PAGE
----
# Descriptive Geometry/Central Projections

## Station Points

Central projections are projections from one plane to another where the first plane’s point and the image on the second plane lie on a straight line from a fixed point not on either plane.1

The projecting rays pass through one point called the center of projection, also known as the station point (or vantage point). This is essentially the reference point from which all the lines and projections in the problem are related to. The station point can be high (bird’s eye view) or low (worm’s eye view). It is the base point (the most important point) to understand and generate the composition of the subject.2

## Line of View

Central projection is the projection of a plane onto another plane from a certain point not on either of those planes. The line of view extends from the center of projection to the first plane, then to the second plane in a direct straight line. Depending on the relationship of the two planes, the projected image will appear differently. If the planes are parallel, the projection will retain the same shape at a different scale, as the ratio between points will remain constant. When the planes are non-parallel, the between-ness is no longer kept and vanishing lines are constructed. Lines that are not parallel to the vanishing line will have a vanishing point on both planes. Any lines on the first plane that intersect at a point on the vanishing line will be projected as parallel lines onto the second plane. An example of a central projection problem can be seen below, where the shadow of a hexahedron is projected onto a plane, as seen in the top and front view.

## Vanishing points

The vanishing point is a point on the horizon line where parallel lines of a certain object move away towards from the observer and appear to join. An object constructed on these lines becomes smaller and smaller until it converges into one point, so it appears to have ‘vanished.’ To find the vanishing point of an object, simply extend parallel lines of the object until all lines meet at one point. In perspective drawings using the vanishing point, an object can have numerous vanishing points, although traditionally most have up to three. In one point perspective, all lines parallel to the picture plane are drawn as parallel horizontal or vertical lines while lines perpendicular to the picture plane converge into the vanishing point on the horizon line. In two point perspective, two vanishing points will appear to the left and right of the object where two individual sets of lines will converge towards, and one set of lines parallel to the picture plane. An example of such construction can be observed to the right.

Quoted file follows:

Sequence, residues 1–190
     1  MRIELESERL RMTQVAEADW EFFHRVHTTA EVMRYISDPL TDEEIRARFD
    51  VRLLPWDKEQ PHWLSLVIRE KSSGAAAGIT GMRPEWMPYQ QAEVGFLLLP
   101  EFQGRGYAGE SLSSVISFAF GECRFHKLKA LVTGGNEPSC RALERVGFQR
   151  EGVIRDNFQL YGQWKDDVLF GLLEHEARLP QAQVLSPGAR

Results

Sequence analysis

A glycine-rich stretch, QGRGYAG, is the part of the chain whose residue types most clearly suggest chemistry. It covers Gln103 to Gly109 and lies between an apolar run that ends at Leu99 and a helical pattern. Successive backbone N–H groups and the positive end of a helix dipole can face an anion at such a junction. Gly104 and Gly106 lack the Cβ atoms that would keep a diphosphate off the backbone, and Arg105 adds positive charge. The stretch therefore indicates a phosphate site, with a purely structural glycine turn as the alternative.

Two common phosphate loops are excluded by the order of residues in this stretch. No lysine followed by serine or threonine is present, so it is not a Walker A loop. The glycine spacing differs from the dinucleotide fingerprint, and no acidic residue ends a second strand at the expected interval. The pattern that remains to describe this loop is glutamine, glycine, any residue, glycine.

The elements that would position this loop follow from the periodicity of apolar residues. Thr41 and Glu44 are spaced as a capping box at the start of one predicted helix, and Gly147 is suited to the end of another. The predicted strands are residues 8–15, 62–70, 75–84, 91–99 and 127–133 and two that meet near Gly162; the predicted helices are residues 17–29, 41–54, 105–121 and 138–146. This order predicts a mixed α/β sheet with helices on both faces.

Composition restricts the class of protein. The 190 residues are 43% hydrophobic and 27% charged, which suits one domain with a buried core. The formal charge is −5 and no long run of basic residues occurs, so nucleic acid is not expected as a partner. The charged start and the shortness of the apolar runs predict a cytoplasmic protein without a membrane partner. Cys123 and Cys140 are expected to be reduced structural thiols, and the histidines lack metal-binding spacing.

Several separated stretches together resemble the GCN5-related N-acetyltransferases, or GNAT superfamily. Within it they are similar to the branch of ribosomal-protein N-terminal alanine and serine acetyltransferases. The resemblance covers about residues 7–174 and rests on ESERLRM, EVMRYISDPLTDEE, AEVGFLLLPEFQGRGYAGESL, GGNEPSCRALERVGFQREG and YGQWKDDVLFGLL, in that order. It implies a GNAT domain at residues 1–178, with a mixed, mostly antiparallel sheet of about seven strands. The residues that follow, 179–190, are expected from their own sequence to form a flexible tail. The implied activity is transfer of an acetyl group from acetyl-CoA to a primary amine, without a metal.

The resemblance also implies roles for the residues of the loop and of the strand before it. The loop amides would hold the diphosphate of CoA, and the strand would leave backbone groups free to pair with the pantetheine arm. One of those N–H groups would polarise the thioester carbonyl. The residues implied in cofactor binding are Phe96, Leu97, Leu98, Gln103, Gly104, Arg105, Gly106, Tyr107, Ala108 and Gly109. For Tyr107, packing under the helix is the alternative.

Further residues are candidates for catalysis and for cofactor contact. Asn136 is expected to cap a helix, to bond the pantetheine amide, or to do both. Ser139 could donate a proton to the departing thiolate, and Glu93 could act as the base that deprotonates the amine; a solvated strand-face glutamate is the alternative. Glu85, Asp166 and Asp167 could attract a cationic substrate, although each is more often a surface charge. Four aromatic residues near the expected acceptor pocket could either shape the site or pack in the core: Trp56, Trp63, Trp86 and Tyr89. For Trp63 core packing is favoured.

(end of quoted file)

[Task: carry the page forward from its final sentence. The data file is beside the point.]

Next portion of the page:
Finally in three point perspective, none of the three axes will be parallel to the picture plane, allowing for a third vanishing point to appear below or above the object.

## Introduction to Perspective

A perspective drawing is a two dimensional representation of the way in which scene or object is seen by the eye. This representation, while not perfectly accurate, does give the effect of foreshortening as the object or lines travel away from the viewer and towards the vanishing point which coincides with the perception of the ocular nerve endings. In order to create a perspective, one must possess a top view and a side view of the object or scene. Through these two views, the perspective can be created by citing each point within the views. A one-point perspective has four major factors within it. Firstly, the horizon line establishes the height of the vanishing point. The names of different perspective constructions (one-point, two-point, and three-point) address how many vanishing points exist in the particular construction. The second major factor is the ground line, which is in front view; all objects are created relative to this line. The third major factor is the station point, which is the location of the viewer relative to the objects being viewed. The fourth and final major element of perspective is the picture plane, which is also seen in top view. This is an imaginary plane perpendicular to the line of sight. The picture plane acts as the two dimensional surface that all points must be brought to in order to make the two dimensional perspective. Otherwise, the image would become an axonometric view.

## One-Point Perspective

A one-point perspective is a simple representation of a scene or object whose lines are exactly perpendicular or parallel with the line of vision. That means that it must be perpendicular or parallel with the picture plane in top view and the ground line as seen in front view. The perpendicular lines (traveling away from the ground line) will travel toward a vanishing point (which lies on the horizon line) while the ones parallel to the ground line will remain at the same degree. The parallel lines however will change positions in the image depending on how far away from the ground line they are. A line that is five inches away from the ground line will appear drastically further away in perspective than a line that is one inch away from the ground line (see Figure 1.1).

Steps to creating a 1-Point Perspective:

1: Cite points along the picture plane and draw vertical construction lines to perspective view. Then draw construction lines from the side view, parallel to the ground line, and draw passed the vertical lines in the perspective view.